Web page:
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Brighter Bites: A Model for Community-Academic Partnership to Improve Health

Three members posing in center of large grocery bags filled with vegetables.

By Wes Gibson

UTHealth Houston School of Public Health Center for Health Equity and Brighter Bites have recently hit the national spotlight through two initiatives- the Harvard Agribusiness Seminar and the White House Challenge to End Hunger and Build Healthy Communities. Working collaboratively, the Center for Health Equity and Brighter Bites have developed a data-driven, replicable model to support nutritious eating habits and better health outcomes.

In January 2024, Brighter Bites, a national non-profit that provides consistent access to fresh produce and nutrition education through schools and clinics to low-income children and their families, participated in the Harvard Agribusiness Seminar at Harvard Business School. Brighter Bites was one of twelve case studies presented to an audience of roughly 185 executives from food system-related firms across the globe. Attendees learned more about the current food system’s trends, challenges, and opportunities. Brighter Bites was highlighted as a case study for its evidence-based, data-driven approach to sustainably improving food security and dietary habits among low-income children and their families at scale. Brighter Bites is a USDA SNAP-ed approved evidence-based intervention and listed by the National Cancer Institute as an evidence-based cancer prevention and control program.

The White House Challenge to End Hunger and Build Health Communities is a national initiative part of the Biden-Harris Administration’s National Strategy on Hunger, Nutrition, and Health. Hosted at the White House in February of 2024, organizations from across the nation were invited to attend, share experiences, and connect for potential collaborative opportunities. Brighter Bites and UTHealth Houston publicly committed to a new initiative featuring produce prescription approaches through school-based health clinics run along with partnerships with health systems across the country.  

Brighter Bites started as a research project in partnership with the School of Public Health in 2012. The non-profit was designed as a health promotion program to provide consistent access to fresh produce plus nutrition education through schools serving low-income communities, children, and families. Since its inception, investigators have operationalized the Brighter Bites formula and theoretically grounded the program in Social Cognitive Theory. The theory considers the large role that individual experiences, behaviors of others, and environmental factors have on health behavior. The program developed a robust data backbone consisting of key performance indicators, implementation outcomes, and behavioral outcomes. These data are tracked consistently across all Brighter Bites sites using real-time monitoring software and program evaluation approaches. As of September 2023, Brighter Bites has expanded to operate in 204 schools across 12 cities in six states serving 78,570 families. The organization is currently partnering with school-based health centers to examine the program’s impact on child clinical health outcomes.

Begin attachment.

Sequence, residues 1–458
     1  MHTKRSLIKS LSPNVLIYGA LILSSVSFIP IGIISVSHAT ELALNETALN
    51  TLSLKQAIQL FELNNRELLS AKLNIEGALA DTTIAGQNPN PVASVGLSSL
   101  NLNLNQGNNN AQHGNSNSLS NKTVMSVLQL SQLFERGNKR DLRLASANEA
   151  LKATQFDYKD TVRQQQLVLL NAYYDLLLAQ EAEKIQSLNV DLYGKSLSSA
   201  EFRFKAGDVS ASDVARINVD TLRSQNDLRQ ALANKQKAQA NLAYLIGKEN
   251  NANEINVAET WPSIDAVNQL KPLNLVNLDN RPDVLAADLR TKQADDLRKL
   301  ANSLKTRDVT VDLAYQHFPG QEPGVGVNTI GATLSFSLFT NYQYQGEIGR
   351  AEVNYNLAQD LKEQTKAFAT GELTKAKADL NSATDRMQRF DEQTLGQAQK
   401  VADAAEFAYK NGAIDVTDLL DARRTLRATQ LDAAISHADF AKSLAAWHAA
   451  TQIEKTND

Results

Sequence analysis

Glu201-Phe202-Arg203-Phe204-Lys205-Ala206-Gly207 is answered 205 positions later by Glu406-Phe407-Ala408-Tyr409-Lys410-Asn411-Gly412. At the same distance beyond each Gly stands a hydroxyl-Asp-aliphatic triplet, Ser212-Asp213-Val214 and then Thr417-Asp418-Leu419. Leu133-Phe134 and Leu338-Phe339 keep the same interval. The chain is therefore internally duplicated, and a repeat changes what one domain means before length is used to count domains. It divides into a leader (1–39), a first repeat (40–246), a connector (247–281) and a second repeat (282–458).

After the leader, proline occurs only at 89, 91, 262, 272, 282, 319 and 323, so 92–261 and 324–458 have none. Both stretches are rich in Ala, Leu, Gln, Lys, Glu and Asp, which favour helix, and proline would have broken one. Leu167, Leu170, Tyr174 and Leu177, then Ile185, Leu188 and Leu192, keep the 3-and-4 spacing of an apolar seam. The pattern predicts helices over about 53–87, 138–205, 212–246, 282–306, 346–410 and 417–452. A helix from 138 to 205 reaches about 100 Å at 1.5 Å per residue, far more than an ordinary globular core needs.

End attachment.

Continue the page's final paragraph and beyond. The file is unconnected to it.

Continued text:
The partnership between the school and Brighter Bites has played a vital role in the organization’s success. The school brings the strength of academia as it incorporates evidence-based design and practices shown to effectively increase the consumption of fruits, vegetables, and fiber—a principal goal of Brighter Bites – along with providing technical assistance and building capacity within Brighter Bites to conduct program evaluation, data analytics, and participate in the scientific enterprise as a whole. The collaboration is anchored in trust and ongoing communication with the two institutional teams, who meet weekly to discuss partner needs, challenges, new opportunities, and collaboration. The partnership with Brighter Bites has also provided numerous opportunities for master's and doctoral public health students at UTHealth Houston to participate in public health research and practice while simultaneously contributing to Brighter Bites’ evidence-based foundation. Since its inception, researchers have published twenty-three peer-reviewed publications and over twenty-five abstracts presented at scientific conferences nationally.

The Center for Health Equity is committed to bringing this symbiotic community-academic partnership model to all population health efforts. The success of center efforts, such as school health initiatives, Food Is Medicine projects, Medical Legal Partnerships*, etc., all hinge on successful collaborations that allow each participating organization to leverage each other’s strengths for collective impact.  No single organization can successfully address the complex social, behavioral, environmental, and structural drivers of health inequities, but together, we can achieve a vision of healthy people across flourishing communities.

* Legal expertise is necessary to address the multitude of complex health-related social issues deeply embedded within federal, state, and local policies and law. Medical-Legal partnerships incorporate attorneys in the healthcare setting to directly address these issues.  

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